Skip to content


Overview | K=600 Spectrometer | AFRODITE | ALBA | Electron Spectrometer | Fast Timing Array | Tape Station | H-Line | Infrastructure | Beam Time Schedule | Staff |

Low-Energy Nuclear Astrophysics Beamline at the Tandetron facility

The Low-energy Nuclear Astrophysics Beamline at the Tandetron facility, iThemba LABS, is designed to study indirectly radiative capture reactions through measurements of statistical properties. These reactions involve the capture of a charged particle, either a proton or an α-particle, by the nucleus, resulting in the emission of gamma-ray photons. This process plays a pivotal role in stellar nucleosynthesis, contributing to the formation of heavier elements in the universe.

The IAEA database on Photon Strength Functions has identified only 22 nuclei (with Z=22−40) that have been experimentally measured using (p,γ) reactions. Extracting the photon strength function from these measurements is crucial for not only calculating nucleosynthesis reaction rates but also for studying the underlying nuclear structure. The scarcity of such data underlines the challenges in obtaining experimental results and emphasizes the need to measure proton or alpha capture rates.

The beamline specifications include an array capable of handling proton beam with energies up to 6 MeV and alpha beam with energies up to 9 MeV, with intensities reaching up to 10 micro Amperes.

The array includes a half-AFRODITE detector frame on one side, which can accommodate up to 6 High Purity Germanium (HPGe) detectors or 6 large-volume LaBr detectors (or a combination of both), and a dedicated table on the other, supporting a maximum of three (3) HPGe detectors at multiple angles. The setup can, therefore, accommodate a total of 9 detectors (with the possibility of including 4 small-volume LaBr detectors) for high-resolution, high-efficiency measurements.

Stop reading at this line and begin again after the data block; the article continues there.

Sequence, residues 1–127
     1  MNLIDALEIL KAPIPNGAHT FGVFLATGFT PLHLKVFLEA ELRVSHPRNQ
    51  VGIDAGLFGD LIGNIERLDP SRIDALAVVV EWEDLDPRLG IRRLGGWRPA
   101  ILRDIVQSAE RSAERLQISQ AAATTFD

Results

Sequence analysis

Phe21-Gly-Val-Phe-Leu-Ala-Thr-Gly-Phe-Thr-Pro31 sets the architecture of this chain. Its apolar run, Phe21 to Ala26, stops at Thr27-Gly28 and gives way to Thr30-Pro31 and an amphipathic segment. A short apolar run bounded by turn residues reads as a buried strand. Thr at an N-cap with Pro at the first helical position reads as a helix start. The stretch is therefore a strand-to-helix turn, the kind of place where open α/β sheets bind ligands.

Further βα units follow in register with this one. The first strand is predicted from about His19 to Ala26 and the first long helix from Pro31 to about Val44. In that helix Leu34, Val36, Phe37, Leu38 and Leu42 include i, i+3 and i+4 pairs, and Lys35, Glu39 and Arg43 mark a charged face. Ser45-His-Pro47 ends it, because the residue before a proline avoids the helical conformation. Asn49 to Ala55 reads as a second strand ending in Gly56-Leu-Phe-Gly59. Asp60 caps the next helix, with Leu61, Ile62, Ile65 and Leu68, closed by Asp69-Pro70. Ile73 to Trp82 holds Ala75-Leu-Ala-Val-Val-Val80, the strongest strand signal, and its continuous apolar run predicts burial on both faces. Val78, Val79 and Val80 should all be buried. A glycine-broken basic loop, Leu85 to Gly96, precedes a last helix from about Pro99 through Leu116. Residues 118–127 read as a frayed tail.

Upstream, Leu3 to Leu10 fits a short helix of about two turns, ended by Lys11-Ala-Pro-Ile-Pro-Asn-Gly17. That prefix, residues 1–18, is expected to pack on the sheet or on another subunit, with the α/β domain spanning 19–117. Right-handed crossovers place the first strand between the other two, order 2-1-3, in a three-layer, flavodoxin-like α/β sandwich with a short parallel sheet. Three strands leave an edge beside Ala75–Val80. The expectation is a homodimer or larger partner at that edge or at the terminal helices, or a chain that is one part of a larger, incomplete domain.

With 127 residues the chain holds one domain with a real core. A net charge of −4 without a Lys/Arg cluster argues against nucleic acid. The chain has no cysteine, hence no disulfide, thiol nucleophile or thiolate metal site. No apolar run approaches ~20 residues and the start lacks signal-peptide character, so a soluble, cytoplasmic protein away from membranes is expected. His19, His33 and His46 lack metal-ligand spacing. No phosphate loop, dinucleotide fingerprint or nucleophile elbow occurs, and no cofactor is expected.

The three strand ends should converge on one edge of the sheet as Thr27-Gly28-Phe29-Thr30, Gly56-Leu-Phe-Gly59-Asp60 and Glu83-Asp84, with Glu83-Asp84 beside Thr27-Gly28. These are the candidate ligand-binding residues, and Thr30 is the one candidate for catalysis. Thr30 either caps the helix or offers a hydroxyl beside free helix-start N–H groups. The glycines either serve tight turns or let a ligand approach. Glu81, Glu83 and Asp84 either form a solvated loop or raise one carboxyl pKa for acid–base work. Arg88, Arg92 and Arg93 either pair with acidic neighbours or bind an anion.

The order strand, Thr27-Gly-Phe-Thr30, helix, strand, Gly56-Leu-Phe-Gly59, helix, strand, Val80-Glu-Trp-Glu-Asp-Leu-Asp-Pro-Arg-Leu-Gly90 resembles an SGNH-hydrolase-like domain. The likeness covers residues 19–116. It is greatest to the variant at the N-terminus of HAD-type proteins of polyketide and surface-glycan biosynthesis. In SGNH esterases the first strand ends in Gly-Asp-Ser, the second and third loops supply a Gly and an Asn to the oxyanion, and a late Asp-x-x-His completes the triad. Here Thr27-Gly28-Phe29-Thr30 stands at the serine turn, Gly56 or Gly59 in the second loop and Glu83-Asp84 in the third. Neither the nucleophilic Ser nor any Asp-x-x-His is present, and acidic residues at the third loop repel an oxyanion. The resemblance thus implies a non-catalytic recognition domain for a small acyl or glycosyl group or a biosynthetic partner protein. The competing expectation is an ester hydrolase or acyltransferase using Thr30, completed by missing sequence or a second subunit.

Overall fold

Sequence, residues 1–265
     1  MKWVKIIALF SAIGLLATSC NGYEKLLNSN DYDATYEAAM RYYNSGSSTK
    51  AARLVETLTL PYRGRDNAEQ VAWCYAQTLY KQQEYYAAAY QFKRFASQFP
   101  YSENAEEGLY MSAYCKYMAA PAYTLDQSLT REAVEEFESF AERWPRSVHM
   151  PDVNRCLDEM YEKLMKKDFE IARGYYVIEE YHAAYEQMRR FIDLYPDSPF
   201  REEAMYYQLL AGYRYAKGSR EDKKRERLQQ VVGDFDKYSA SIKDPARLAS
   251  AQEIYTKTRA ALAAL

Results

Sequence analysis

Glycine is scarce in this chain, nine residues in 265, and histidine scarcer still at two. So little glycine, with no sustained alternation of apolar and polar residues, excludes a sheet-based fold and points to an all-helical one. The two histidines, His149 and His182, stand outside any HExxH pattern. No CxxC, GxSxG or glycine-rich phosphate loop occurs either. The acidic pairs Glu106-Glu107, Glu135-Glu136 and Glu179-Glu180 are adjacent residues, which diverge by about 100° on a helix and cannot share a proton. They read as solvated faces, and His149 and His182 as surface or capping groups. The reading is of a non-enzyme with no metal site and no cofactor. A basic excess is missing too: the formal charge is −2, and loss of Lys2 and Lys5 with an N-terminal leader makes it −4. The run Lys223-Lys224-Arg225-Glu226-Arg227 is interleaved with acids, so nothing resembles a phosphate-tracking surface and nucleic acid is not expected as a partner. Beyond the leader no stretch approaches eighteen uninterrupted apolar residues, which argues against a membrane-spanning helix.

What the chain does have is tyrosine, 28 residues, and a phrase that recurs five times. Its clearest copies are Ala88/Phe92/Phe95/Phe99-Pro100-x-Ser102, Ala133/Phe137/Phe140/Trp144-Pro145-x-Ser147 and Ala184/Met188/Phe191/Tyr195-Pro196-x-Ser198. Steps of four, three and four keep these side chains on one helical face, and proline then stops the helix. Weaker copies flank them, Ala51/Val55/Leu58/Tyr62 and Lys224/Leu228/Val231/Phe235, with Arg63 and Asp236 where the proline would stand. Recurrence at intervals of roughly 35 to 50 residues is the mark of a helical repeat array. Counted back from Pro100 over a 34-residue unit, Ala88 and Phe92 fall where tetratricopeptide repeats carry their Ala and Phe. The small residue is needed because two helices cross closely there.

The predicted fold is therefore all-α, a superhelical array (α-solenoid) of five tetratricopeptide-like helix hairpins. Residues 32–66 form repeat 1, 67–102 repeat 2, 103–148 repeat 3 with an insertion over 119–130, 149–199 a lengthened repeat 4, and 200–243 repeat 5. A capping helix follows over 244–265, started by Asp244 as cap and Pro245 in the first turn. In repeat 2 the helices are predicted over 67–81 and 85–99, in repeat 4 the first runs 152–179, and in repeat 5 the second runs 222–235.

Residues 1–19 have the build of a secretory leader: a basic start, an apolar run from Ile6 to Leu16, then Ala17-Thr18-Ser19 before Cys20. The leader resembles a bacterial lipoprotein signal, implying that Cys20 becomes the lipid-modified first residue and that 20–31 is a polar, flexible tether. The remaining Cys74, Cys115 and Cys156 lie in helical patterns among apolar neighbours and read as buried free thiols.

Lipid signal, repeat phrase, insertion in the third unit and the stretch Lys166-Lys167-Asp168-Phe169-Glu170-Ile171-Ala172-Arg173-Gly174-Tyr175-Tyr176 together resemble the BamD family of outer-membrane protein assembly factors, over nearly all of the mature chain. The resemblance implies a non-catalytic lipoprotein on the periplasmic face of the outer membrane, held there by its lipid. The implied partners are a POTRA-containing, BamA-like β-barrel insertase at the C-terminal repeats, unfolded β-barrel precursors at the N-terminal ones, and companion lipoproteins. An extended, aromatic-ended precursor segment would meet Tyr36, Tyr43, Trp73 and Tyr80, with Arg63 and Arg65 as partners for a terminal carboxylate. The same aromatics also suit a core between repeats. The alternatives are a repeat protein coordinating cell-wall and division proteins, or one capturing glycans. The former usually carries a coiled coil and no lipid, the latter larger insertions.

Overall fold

The beam spot at the target position exhibits a 2 mm diameter for 5.5 MeV protons, 3 mm for 0.5 MeV protons, and up to 6 mm at the beam dump with quadrupole magnets turned off. An adjustable collimator, approximately 3-4 mm wide, allows for additional fine-tuning of the beam profile.

Applications of the beamline range from measuring photon strength functions to exploring nuclear structures through gamma-gamma coincident studies. Successful proof-of-principle experiments, such as the study of 50Cr(p,γ)51Mn, showcase the capabilities of the beamline (Netshiya et al., J. Phys. Conf. Ser. 2586, 012111, 2023). In 2023, two experiments were successfully conducted. These experiments were titled “Testing the Brink-Axel Hypothesis using the 60Ni(p,γ) reaction” and “Testing conventional explanations of the X17” – led by a team of international researchers.

The beamline not only contributes to scientific knowledge but also emphasizes capacity development by focusing on training the next generation of researchers and fostering local and international collaborations.

Download PDF

For queries and further information, please contact:
Kgashane Malatji (